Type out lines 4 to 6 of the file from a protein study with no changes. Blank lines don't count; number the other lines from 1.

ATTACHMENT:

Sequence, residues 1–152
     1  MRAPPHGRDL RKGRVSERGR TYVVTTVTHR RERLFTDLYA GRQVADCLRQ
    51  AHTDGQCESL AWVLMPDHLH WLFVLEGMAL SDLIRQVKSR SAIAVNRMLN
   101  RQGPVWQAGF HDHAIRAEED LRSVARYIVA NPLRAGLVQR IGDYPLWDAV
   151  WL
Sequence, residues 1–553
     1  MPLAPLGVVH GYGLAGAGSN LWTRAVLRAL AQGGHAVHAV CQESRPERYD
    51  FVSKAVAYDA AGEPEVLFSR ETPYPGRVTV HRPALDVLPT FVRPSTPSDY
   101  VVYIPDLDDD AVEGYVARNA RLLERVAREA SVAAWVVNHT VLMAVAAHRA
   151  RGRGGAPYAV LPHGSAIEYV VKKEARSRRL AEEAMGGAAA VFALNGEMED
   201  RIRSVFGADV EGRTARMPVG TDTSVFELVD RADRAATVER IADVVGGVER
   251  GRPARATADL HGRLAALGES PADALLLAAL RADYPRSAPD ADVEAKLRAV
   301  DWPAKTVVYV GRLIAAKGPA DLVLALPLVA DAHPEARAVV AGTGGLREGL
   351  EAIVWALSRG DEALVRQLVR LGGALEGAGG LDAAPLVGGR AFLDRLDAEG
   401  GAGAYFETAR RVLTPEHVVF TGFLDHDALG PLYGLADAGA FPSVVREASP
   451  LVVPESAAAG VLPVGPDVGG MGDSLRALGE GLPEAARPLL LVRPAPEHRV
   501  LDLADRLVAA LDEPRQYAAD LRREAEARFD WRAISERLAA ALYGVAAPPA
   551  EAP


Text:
   101  RQGPVWQAGF HDHAIRAEED LRSVARYIVA NPLRAGLVQR IGDYPLWDAV
   151  WL
Sequence, residues 1–553